JEAN ALBERT MCEWEN, R.C.A.
Galerie Agnès Lefort, Montreal
Private Collection, Toronto
National Gallery of Canada, ‘Jean McEwen,’ https://www.gallery.ca/collection/artist/jean-mcewen
Jean McEwen’s (1923-1999) painting insists on the significance of colour. "There are two ways to judge a painting,” he has said. “One is based on criteria and theories of art. The second is based on the sensations we get before a picture. I paint the second way." Crucial to his practice was understanding how painting was structured by the materials used to create it. Playing with pigment, texture, and varnishes, he is able to create images that exuberantly declare their materiality while producing arresting and dreamy aesthetic effects.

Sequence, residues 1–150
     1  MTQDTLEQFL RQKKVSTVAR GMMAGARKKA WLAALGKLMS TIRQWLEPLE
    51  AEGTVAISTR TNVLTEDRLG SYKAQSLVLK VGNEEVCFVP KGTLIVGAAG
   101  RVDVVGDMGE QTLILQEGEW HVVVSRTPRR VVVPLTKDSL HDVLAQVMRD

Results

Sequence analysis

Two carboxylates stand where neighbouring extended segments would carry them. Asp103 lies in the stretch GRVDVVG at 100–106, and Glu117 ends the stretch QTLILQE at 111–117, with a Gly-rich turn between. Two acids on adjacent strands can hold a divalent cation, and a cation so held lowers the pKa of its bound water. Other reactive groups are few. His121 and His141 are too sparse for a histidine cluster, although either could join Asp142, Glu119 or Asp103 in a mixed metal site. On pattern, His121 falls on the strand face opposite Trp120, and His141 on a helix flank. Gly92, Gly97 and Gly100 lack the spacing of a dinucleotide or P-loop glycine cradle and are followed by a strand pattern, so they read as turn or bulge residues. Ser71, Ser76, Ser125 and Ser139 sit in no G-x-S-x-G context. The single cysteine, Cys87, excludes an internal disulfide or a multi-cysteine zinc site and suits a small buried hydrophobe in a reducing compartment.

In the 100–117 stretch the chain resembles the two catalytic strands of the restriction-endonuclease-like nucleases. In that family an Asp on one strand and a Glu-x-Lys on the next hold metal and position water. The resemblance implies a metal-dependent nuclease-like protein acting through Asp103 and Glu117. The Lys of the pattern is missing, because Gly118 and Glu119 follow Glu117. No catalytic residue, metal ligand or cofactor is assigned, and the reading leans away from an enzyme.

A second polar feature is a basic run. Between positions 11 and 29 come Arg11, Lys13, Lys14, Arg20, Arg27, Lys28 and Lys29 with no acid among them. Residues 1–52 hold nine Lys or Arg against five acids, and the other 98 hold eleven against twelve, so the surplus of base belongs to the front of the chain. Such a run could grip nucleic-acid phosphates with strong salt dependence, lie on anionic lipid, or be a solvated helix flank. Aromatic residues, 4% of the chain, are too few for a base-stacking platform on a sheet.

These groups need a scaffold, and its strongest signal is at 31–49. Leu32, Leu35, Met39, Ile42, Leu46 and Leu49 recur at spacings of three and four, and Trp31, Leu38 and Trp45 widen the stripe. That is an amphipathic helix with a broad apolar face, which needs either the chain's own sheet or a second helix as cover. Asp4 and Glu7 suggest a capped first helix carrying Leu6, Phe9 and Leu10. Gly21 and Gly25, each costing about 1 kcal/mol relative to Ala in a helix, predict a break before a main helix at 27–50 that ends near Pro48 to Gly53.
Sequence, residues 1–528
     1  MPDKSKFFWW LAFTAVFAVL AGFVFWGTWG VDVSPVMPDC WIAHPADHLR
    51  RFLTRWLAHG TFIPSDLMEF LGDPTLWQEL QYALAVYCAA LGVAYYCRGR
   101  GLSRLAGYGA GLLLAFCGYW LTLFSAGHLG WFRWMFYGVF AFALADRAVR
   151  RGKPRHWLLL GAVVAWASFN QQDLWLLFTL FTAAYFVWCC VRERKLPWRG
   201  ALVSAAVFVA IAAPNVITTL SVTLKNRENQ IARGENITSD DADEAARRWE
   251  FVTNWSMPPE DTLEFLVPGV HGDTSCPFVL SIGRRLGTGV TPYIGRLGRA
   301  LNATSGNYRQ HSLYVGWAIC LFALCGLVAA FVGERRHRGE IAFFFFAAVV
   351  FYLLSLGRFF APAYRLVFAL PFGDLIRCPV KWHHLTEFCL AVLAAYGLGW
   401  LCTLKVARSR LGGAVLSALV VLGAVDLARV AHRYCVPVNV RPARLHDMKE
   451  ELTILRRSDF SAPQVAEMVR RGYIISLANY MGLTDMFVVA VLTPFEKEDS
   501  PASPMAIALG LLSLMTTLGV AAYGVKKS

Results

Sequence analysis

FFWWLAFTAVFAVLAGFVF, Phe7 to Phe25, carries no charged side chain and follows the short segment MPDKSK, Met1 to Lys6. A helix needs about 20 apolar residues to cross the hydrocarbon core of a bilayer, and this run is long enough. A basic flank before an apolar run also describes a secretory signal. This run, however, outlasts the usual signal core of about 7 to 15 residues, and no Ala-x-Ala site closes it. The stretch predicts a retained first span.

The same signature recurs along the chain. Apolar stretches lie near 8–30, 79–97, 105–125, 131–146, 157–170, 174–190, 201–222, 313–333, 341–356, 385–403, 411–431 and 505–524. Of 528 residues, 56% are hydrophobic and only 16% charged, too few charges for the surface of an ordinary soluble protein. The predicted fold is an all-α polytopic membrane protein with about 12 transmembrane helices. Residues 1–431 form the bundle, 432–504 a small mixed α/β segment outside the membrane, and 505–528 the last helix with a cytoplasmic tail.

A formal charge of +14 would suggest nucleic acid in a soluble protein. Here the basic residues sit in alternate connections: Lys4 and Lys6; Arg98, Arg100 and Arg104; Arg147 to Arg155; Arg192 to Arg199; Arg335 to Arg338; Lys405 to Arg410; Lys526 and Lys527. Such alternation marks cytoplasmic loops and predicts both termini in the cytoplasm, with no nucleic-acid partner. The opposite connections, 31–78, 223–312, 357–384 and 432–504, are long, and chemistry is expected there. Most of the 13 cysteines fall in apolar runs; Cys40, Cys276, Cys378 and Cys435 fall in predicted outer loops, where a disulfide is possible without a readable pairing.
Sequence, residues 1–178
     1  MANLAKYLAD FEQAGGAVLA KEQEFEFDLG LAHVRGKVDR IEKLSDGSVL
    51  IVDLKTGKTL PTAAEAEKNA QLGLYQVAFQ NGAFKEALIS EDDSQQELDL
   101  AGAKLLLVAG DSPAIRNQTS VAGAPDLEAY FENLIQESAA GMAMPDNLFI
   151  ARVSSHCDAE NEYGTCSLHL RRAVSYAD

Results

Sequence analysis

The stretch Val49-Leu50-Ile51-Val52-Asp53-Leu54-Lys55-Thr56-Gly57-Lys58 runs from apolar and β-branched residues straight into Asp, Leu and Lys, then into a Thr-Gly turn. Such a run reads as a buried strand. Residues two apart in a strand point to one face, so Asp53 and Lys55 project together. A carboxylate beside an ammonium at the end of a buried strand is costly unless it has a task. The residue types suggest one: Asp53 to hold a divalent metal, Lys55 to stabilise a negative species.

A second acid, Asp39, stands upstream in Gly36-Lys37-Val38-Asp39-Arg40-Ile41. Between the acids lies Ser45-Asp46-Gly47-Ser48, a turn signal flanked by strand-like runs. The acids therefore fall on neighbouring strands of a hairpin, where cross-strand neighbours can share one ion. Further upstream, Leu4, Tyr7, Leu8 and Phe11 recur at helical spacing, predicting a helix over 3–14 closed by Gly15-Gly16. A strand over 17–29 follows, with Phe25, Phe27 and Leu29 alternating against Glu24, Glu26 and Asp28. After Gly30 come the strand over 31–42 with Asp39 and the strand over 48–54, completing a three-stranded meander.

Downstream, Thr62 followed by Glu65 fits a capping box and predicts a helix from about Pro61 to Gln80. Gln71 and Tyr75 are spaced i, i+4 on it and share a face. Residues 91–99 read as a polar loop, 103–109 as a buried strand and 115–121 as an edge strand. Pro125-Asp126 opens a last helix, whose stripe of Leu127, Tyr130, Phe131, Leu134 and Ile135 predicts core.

Ocre Rafraîchi par un Bleu demonstrates the blurring of the boundaries between form and colour explored by McEwen. The large canvas is split into two wide dark rust-coloured bands separating and bounding two mottled fields of ochre. A strong horizontal arrangement tempts us to think of this as something solid and substantial, maybe even architectural. But rather than something heavy or dense, we get a sense of permeability: a depth revealed by transparency. Threads of brilliant blue emerge, traversing just beneath the surface from the left of frame in vivid bursts before becoming effaced by layers of deeper colour to the right. The layers of paint that structure the piece surge with a subdued movement, alternating from transparency to opacity, creating a volatile sense of depth and flattened dimensionality. Unfinished edges expose blank canvas, exposing the construction of the painting as a series of layers and colours. This bifurcated organisation is one that McEwen frequently returned to as a painter. But as we can see, these compositions aren’t isolated cells - they aren’t divided, impermeable spaces. Rather, the colours drip and bleed into one another, are refreshed by each other, driven by an underlying poetic urgency.